Then the LORD said to Moses, "Go up this mountain in the Abarim Range and see the land I have given the Israelites. After you have seen it, you too will be gathered to your people, as your brother Aaron was . . . " Numbers 27:12-13
The Torah portion for this week is Pinchas, which means "Phinehas," from Numbers 25:10-30:1, and the Haftorah is from 1 Kings 18:46-19:21.
Toward the end of this week's reading, Moses was commanded to climb a mountain in Moab so that he could see the Holy Land. In the next verse, God told Moses that after he saw the land, he would die as his brother Aaron did and would not enter the land.
Is this commandment a gift or a punishment? Is seeing the land without being able to enter it a cruel tease? Like showing a child a piece of cake but then telling him that he can't have it?
Moses wanted nothing more than to enter the Promised Land. In the book of Deuteronomy, we read how Moses poured out his heart to God asking for permission to enter the land, but his request was denied. Yet, Moses eventually did see the land, and he then died peacefully. Indeed, when God ensured Moses that he could see the land even if he wouldn't be able to enter it, it was a gift. It comforted Moses. But how can that be?
The answer is because Moses' life was not about Moses. It was about something bigger than himself. It was about the nation of Israel, bringing God's Word to the world, and setting in motion the wheels of history that ultimately would lead to the perfection of the world. Moses' passion extended beyond his personal agenda and included God's plan for the world.
That's why when he was able to catch a glimpse of that plan - when he was able to see the land that would become the eternal home of his people - it was comforting and inspiring. Even if Moses wouldn't enter the land, the nation that he shepherded out of Egypt and through the desert would. That brought Moses joy. He understood that the mission greater than himself would be fulfilled even if he wouldn't be able to see it.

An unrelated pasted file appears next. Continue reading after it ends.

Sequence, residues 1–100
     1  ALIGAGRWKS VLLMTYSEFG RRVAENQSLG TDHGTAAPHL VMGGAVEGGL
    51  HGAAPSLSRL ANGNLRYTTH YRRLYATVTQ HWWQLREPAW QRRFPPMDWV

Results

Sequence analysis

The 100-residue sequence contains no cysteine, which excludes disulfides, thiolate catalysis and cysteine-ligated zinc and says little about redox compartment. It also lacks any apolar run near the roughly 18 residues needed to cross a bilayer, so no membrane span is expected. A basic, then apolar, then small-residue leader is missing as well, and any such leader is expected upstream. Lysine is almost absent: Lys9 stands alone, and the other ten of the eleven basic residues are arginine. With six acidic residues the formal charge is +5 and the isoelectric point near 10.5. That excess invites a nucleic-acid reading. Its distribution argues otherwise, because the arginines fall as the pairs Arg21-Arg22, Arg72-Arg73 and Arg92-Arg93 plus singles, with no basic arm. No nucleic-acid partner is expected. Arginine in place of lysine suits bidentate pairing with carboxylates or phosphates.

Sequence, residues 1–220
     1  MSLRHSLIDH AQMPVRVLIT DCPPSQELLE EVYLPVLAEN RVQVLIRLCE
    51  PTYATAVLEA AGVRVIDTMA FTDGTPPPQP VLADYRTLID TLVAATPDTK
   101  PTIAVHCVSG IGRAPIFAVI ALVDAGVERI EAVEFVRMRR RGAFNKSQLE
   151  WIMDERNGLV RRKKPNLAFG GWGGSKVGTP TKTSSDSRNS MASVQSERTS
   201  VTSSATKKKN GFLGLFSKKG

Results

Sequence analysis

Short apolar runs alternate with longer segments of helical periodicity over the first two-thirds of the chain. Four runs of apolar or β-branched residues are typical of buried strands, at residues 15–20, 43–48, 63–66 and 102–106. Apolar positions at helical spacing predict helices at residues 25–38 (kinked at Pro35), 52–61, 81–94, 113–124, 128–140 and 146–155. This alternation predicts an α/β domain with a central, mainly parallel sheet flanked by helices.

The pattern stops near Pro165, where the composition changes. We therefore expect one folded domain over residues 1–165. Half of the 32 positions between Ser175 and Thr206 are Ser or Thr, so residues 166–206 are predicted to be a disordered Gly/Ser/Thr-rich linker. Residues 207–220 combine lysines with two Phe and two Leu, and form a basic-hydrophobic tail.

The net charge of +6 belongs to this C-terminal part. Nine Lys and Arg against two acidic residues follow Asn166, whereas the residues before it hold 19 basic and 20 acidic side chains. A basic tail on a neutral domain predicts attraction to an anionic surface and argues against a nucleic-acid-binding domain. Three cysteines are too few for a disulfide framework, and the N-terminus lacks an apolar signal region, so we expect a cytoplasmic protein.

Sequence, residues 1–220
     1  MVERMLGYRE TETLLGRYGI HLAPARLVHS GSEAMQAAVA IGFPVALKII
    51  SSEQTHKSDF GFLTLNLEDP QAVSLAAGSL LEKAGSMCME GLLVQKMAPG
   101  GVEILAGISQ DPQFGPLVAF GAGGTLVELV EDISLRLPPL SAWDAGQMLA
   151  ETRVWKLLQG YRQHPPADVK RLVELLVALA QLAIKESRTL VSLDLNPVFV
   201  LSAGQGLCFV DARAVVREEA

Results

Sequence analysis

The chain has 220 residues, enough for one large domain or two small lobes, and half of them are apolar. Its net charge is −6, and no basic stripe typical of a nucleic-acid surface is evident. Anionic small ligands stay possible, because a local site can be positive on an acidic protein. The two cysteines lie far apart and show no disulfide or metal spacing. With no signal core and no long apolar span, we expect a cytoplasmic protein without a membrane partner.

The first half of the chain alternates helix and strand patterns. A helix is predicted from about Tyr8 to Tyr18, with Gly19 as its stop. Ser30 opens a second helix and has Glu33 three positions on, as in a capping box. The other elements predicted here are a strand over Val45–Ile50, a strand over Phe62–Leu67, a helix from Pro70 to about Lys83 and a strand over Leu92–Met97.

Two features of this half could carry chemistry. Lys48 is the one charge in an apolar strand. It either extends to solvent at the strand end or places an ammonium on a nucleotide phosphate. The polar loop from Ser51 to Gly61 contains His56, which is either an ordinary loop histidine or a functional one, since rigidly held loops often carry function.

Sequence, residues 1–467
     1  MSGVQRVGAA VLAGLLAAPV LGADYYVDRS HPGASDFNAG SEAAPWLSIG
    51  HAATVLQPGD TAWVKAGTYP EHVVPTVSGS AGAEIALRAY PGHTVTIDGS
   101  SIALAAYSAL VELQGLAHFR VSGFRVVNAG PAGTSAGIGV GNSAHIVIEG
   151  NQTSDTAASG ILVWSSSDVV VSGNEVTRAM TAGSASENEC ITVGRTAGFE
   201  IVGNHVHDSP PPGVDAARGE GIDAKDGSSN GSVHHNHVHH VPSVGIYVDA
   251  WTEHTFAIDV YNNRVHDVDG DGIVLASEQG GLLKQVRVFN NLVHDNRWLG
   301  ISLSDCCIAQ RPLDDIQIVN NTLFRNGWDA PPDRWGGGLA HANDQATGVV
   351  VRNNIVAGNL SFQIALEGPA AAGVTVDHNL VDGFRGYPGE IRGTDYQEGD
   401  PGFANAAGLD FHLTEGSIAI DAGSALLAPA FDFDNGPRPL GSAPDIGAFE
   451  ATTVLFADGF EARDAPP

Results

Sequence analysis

We live in a society that has become overly concerned with fulfilling oneself, finding oneself, and satisfying oneself. However, the truth is that happiness is achieved not by finding ourselves, but by losing ourselves in something greater than the individual. Successful entrepreneur Bill Taylor put it this way: "the more executives, entrepreneurs, and talented individuals that I get to know, the more I become convinced that true happiness and genuine success does not come from finding yourself, but in losing yourself. Losing yourself in a company you can believe in, a cause that you are prepared to fight for, and a commitment to a problem that has defied a solution."
Friends, whether we realize it or not, we are all part of something bigger than ourselves and it's called "God's plan." Let's lose ourselves in God . . . and find true happiness, fulfillment, and satisfaction.
With prayers for shalom, peace,
Rabbi Yechiel Eckstein
Founder and President